People will never agree what the speed limit should be – which you’d think would raise questions about why there are speed limits at all.
It’s an odd business – this top-down imposition of one-size-fits-all when it’s obvious it fits almost no one. Even the most ardent defender of speed limits is usually guilty of “speeding” – i.e., he at least occasionally drives a little bit faster than whatever the arbitrarily-decreed fastest-allowable speed is. Such people will often defend their “speeding” as being reasonable – while decrying those who “speed” a bit more.
This being as arbitrary a standard as the speed limit, itself.
The great (and late, unfortunately) comedian George Carlin explained it best in one of his rants on the subject: Everyone who drives slower than you is an idiot – and everyone who drives faster, a maniac.
It’s painfully funny – because it touches truth, like a dentist touches a nerve with his drill. We laugh because we are at some level aware of our own idiocy.
This is the art of comedy.
The question isn’t what the speed limit should be. Which is to say: How fast should everyone be allowed to drive?
This size will not fit all. Just as the clothes you wear don’t fit all, either. They fit you. You chose them for that reason. You would not chose clothes that don’t fit you and if someone told you that you had to wear clothes that didn’t fit you then you’d know you were either in boot camp or prison.
The road shouldn’t be like either of those places. When it is like them, the result is frustrating, boring, dangerous – and unjust.
It is frustrating – and boring – to drive at a speed much lower than you can safely drive. And most people know perfectly well what that speed is, already – because that’s how fast they do drive. No matter the speed limit, which they obey only when necessary. Not because they feel the need to – an important difference.
This is actually the way speed limits are supposed to be set, by the way. It is called the 85th Percentile Standard and it is derived by taking note of how fast the majority of drivers naturally drive on a given stretch of road; the posted limit is set such that the majority of drivers aren’t “speeding” or not by much. This is an interesting admission in that it suggest formal speed limits aren’t needed as most drivers will not drive faster than their own limits even if there is no law forbidding it.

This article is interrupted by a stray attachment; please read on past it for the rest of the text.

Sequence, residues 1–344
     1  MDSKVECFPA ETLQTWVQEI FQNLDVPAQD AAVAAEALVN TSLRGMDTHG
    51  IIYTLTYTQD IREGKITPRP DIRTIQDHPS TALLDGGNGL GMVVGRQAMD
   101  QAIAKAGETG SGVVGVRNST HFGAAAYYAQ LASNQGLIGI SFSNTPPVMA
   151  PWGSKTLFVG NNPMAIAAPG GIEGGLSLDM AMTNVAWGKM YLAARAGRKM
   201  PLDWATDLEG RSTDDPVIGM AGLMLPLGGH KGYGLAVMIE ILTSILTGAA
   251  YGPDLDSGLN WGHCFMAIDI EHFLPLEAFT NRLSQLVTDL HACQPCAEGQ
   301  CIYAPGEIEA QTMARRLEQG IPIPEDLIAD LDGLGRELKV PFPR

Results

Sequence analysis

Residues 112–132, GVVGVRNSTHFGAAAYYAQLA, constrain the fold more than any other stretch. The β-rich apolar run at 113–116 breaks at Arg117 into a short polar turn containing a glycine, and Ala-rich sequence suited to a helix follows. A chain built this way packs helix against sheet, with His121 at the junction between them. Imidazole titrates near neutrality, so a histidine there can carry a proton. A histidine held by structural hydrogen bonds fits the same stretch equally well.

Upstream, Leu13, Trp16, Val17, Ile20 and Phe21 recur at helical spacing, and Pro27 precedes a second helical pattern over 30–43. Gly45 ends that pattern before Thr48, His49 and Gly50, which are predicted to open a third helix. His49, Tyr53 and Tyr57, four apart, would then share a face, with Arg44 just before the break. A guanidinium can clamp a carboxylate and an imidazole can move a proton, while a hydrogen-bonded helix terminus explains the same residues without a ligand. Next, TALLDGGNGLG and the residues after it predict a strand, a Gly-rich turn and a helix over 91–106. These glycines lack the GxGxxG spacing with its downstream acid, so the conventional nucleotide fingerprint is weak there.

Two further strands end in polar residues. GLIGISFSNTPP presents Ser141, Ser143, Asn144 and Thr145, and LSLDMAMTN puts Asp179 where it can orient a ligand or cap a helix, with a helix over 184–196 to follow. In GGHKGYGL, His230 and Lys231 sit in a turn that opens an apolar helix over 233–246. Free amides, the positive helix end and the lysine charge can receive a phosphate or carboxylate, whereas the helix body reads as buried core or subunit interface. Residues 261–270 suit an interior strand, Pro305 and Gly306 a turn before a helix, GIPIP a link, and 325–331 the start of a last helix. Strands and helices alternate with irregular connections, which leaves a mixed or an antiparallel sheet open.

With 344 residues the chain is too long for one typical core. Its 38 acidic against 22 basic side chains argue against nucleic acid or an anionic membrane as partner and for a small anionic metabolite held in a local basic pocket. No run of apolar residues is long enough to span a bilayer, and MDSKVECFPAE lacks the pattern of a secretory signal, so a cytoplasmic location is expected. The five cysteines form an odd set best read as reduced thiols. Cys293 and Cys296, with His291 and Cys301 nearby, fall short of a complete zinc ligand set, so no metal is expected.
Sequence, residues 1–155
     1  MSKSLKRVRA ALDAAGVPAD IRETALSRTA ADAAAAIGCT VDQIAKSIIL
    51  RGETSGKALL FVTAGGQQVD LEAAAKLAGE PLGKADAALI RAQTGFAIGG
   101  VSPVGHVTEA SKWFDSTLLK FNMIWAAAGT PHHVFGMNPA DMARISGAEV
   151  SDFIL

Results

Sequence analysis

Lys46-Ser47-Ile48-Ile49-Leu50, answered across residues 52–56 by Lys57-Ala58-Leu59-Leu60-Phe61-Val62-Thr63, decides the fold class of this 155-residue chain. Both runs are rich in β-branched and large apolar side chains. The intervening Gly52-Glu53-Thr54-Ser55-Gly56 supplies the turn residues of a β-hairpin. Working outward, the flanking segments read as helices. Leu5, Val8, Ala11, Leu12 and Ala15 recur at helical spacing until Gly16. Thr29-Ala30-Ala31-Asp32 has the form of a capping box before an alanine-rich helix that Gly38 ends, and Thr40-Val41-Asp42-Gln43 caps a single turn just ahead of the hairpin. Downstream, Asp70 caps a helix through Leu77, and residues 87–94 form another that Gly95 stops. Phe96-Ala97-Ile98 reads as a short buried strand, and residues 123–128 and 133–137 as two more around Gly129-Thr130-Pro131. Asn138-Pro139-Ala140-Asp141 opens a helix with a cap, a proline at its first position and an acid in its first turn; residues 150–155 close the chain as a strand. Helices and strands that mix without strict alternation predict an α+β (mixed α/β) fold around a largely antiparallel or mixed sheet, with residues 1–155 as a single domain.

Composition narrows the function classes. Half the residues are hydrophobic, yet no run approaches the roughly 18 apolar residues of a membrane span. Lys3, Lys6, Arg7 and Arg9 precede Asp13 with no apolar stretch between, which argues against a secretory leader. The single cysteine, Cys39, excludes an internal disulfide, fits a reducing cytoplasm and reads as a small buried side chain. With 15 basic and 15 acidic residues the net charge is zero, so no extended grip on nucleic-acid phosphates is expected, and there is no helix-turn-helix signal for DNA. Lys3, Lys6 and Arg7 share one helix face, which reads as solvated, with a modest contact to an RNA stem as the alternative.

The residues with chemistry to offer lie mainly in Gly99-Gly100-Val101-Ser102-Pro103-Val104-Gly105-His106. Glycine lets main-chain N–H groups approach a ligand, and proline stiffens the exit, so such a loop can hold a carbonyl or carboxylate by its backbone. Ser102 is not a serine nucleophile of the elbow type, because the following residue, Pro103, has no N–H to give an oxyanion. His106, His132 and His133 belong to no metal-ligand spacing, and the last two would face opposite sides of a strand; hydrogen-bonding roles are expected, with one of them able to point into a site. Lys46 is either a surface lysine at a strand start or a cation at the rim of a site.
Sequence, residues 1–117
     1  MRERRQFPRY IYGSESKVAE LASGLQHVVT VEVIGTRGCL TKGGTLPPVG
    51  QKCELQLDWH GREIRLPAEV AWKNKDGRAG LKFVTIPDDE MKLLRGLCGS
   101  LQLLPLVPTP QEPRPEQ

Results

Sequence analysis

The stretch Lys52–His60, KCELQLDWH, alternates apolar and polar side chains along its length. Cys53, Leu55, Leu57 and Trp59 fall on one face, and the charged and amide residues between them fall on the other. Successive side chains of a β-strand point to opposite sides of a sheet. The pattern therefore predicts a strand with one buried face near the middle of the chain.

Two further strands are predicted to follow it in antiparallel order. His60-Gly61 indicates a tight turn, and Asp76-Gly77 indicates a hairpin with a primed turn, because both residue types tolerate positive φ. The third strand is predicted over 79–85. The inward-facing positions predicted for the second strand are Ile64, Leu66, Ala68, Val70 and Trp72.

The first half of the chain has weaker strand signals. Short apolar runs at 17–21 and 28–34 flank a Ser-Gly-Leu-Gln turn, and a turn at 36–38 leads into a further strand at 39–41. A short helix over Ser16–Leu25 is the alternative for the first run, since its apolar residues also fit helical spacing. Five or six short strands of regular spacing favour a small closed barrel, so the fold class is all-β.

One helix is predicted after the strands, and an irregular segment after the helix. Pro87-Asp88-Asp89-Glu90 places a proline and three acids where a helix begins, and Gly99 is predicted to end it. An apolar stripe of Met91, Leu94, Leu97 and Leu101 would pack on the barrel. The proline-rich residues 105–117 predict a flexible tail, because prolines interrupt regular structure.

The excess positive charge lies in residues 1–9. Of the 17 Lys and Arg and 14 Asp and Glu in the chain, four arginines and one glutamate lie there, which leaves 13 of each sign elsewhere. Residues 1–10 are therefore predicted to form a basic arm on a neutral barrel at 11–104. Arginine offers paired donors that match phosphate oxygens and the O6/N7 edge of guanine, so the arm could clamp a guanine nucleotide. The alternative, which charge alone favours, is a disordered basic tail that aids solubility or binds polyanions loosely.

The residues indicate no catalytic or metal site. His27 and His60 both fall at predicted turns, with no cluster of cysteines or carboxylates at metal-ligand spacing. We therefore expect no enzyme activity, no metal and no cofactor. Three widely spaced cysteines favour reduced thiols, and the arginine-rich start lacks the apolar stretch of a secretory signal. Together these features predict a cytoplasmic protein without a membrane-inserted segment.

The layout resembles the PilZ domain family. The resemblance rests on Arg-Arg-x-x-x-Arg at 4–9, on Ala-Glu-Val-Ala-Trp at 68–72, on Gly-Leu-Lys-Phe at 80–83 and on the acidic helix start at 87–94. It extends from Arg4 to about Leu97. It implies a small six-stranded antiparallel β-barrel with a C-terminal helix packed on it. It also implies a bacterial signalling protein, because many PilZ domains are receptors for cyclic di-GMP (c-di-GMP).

Most people have more respect for their safety than the law and when there is a conflict, it is their safety that carries the day.
Of course, everyone has a different gauge as regard what is safe – when it comes to driving and otherwise. Is it safe to go for a five-mile run on a cold winter’s day? Not if you aren’t used to such things and can do them safely. Is it safe to drive faster than whatever the sign says you may? If you can do so safely – if you know the road, know your limits and don’t exceed them – then it may well be. Just as it may well be unsafe for a different person to drive the speed limit, which is above their ability to safely drive.
What’s not safe – for everyone – is expecting everyone to drive the same speed. It engenders the frustration and boredom mentioned above and both of these things are almost certainly greater threats to safety than not minding exactly what the totem pole by the side of the road says.
Bored drivers are inattentive drivers. Their attention wanders – from the road to what’s on the radio. They play with their phones. Cruise control is arguably the most dangerous “safety” device ever installed in a car – after the automatic transmission.
Might as well tuck a pillow behind the driver’s head.
It is asking for trouble. For when attention is needed – as in, right now – it often takes a vital moment or two for the not-paying-attention driver to re-focus it. By which time it is often already too late.
It is difficult to fall asleep when you are occupied – as when actually driving. You necessarily focus on what you are doing when you are driving at a speed that is not boring because it is above the speed you can drive when half-asleep, using your legs to steer. driving faster is safer – for you. Punishing you for it makes about as much sense as punishing someone who works out because he’s in better shape than people who don’t work out.
It is also frustrating – another dangerous thing. Arbitrary speed limits result in inconsiderate driving. In drivers who won’t yield to faster-moving traffic. After all, they will say – I’m doing the speed limit!
Result? Increased tension, generally – also tailgating and swerve-passing. Neither the former nor the latter is justified anymore than obstructing faster-moving traffic – but the point is that mindless reference to the speed limit is what lays down the conditions leading to both. These conditions would largely dissipate if, rather than mindless obedience to speed limits, people practiced mindfulness – and adjusted their driving to syncopate with the ebb and flow of traffic.
But the most destructive consequence of one-size-fits-all is arguably the injustice of the thing. Of punishing people – with “tickets” and insurance premiums jacked up on the basis of such “tickets” – for nothing more than “speeding.” By equating this with dangerousness, which is silly and everyone knows it (they just disagree over the threshold at which “speeding” becomes “dangerous”) as well as unjust by any fair standard.
Whether you feel they might have – and regard that as sufficient – is monstrously unjust because the principle behind it opens pandora’s box to punishing people for any harm someone else feels they might cause.
By now, everyone who is still thinking straight – or even just thinking, at all – ought to be able to see the danger of that.
Which far exceeds the danger of me driving faster than you feel comfortable driving – or the other way around!
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